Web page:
In Florida, weather can change drastically and it’s best to always be prepared in case of any disaster. In any event make sure your horses are used to using different exits of the barn/property, able to load into a trailer, and that there is a plan for fires, hurricanes, tornadoes, and evacuation. Get in touch with your neighbors and community of places you can take your horses if your property can no longer house them due to an emergency.
No matter the emergency:
- Keep extra halters and lead ropes.
- Keep an emergency first aid kit.
- Keep vaccinations, coggins, and health certificates handy.
- Keep a list of emergency contacts within view at your barn.
- Have fellow horse community members in contact if you need help.
- Consistently work with your horses so they are easy to handle in situations.
Ex: Trailering, new environments, desensitized to new items, etc.
- Have plenty of hay and feed to last the duration, if you are expecting a hurricane, try to have enough for at least one week in-case roads are closed or stores are out of stock. Some people state that hurricanes cause changes in the atmosphere that can increase chances of colic, speak to your vet on their suggestions for your specific horse.
- Save water, sometimes the water will be turned off in the event of a hurricane, many barn owners will take large water troughs and fill them up to store water. If horses refuse to drink the water, some owners will add electrolytes.
- Keep yard clutter/debris to a minimum at all times, do not wait for the last-minute to trim branches that you anticipate breaking – often times waste management gets too overwhelmed and it can take months for them to pick up debris. It is best to take care of your yard before you expect any hurricane. With that being said, do not leave trash or items in your yard that can cause damage if it were to hit anything.
- Keep a first aid kit handy, sometimes roads get blocked from fallen trees and stores will be closed. Discuss with your vet what they suggest medication wise. Experienced horse owners have pain medication and sedatives if needed.
- Phones and internet may not work, let others know where you will be staying and how many animals are with you. Some people will make signs that can be seen from the road that have a status of “We are Ok” or “We need help.”
- Make sure your horse is identifiable, some owners will apply animal safe paint on the coat with the address or phone number, some braid cloth (or dog tags) with important information into the horse’s mane or tail, others paint the hooves. You can ask your vet about using a microchip. Some horse owners are hesitant on keeping halters (or fly masks) on horses in case it were to get caught on anything that could harm the horse. Keep pictures and the horse’s coggins with you in the event your horse goes missing.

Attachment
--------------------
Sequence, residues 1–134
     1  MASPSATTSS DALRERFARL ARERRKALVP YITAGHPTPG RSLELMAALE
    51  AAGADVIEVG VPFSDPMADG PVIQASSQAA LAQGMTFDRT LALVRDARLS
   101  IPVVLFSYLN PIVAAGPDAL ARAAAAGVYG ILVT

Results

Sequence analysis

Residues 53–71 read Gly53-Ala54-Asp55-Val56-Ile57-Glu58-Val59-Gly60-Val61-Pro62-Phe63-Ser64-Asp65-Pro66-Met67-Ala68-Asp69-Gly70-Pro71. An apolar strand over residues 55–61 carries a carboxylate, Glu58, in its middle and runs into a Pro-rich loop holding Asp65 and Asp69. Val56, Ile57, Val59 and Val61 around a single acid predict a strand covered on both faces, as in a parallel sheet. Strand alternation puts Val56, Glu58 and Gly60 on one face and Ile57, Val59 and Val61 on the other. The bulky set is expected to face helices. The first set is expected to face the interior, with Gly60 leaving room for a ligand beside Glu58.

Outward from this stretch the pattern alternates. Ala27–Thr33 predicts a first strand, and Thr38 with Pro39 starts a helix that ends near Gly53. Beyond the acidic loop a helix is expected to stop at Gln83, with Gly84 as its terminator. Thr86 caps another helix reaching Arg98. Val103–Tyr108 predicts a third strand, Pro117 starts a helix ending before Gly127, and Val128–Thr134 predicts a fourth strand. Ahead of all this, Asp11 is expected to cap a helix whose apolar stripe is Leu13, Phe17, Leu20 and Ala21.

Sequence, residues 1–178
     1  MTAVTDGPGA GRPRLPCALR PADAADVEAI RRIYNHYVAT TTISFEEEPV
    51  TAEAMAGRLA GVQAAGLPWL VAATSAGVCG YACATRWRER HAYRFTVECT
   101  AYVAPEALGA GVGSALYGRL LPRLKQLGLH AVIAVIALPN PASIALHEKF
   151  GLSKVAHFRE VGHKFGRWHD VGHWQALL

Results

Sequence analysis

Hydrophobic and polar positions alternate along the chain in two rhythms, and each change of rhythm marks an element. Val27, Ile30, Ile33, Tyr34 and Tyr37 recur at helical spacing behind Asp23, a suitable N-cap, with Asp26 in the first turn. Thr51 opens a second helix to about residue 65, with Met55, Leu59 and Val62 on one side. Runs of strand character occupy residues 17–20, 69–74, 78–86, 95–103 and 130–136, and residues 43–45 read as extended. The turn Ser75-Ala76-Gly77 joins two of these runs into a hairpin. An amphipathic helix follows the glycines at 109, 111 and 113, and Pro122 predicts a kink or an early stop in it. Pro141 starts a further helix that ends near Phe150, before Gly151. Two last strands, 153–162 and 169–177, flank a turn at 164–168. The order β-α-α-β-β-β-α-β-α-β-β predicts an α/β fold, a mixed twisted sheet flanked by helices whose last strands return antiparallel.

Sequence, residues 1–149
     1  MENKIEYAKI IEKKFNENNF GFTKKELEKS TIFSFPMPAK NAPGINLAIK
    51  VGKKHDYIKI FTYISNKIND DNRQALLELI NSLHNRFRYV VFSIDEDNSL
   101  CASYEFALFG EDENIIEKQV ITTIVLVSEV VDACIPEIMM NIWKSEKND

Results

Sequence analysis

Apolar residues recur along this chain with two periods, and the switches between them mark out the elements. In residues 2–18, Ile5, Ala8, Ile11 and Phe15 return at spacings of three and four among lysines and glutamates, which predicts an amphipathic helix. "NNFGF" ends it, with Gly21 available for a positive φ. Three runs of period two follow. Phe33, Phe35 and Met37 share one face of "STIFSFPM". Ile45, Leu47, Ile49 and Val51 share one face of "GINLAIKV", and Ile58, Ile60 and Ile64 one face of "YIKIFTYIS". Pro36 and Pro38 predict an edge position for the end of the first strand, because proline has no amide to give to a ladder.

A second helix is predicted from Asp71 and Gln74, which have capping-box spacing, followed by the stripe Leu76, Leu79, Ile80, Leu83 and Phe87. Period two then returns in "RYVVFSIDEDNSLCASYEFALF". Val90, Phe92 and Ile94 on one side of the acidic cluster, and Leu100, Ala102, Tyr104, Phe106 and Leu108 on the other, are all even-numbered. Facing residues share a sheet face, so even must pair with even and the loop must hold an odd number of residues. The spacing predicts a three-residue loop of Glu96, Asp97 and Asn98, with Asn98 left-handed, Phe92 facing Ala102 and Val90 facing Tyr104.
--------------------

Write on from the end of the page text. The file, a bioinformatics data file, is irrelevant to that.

- There is often a debate on keeping the horses turned out in the pasture or stalled in a barn during a hurricane. Many experts advise you to weigh the options on how sturdy your barn is, risk of trees falling on the barn, or risk of debris hurting your horse in the pasture. If a wind storm will blow your barn over, keep the horse turned out.
- Do not forget basic safety, keeping a fire extinguisher close by and think of fire prevention (and plan if there is one). During a hurricane, emergency services may not be to help when wind speeds exceed a certain limit, it’s unfortunate but some people have to handle emergencies on their own. Make sure there is an emergency exit if all the windows are closed up.
- Avoid standing in water in-case there are downed power lines. Expect to lose power. Some people advise keeping the electricity turned off in the barn during a storm in-case the roof flies off so that power lines do not shock the horses.
- P.S. If you use a generator, make sure the exhaust goes outside, do not use it in a closed room.
- If you are evacuating due to a hurricane, try to find places more inland and up north if possible. Many stables that host large shows will open their doors in the time of an emergency, check Facebook groups for actively accepting barns or here.
- If going a far distance, try to leave before the general public does to avoid sitting in traffic for a long period of time.
- Health Certificates are required to transport horses out of state and can take 1-2 weeks to obtain.
- Be in the habit of checking your horse trailer regularly in-case of emergent need.
- Remember: Most barns will only accept safe horses and those who can present a coggins/health certificate. Try to keep these items up to date at all times and keep your horse’s training consistent to handle new environments and situations.
- Most barns do not accept stallions, if you own one, set up an emergency list of barns that do in case you need them.
- Many people panic when they need to get their horses evacuated, to the point of purchasing any truck or trailer that will transport their horses – keep in mind, insurance agencies might turn down new purchases when mandatory evacuation is ordered. Try to make purchases before the “rush” sets in.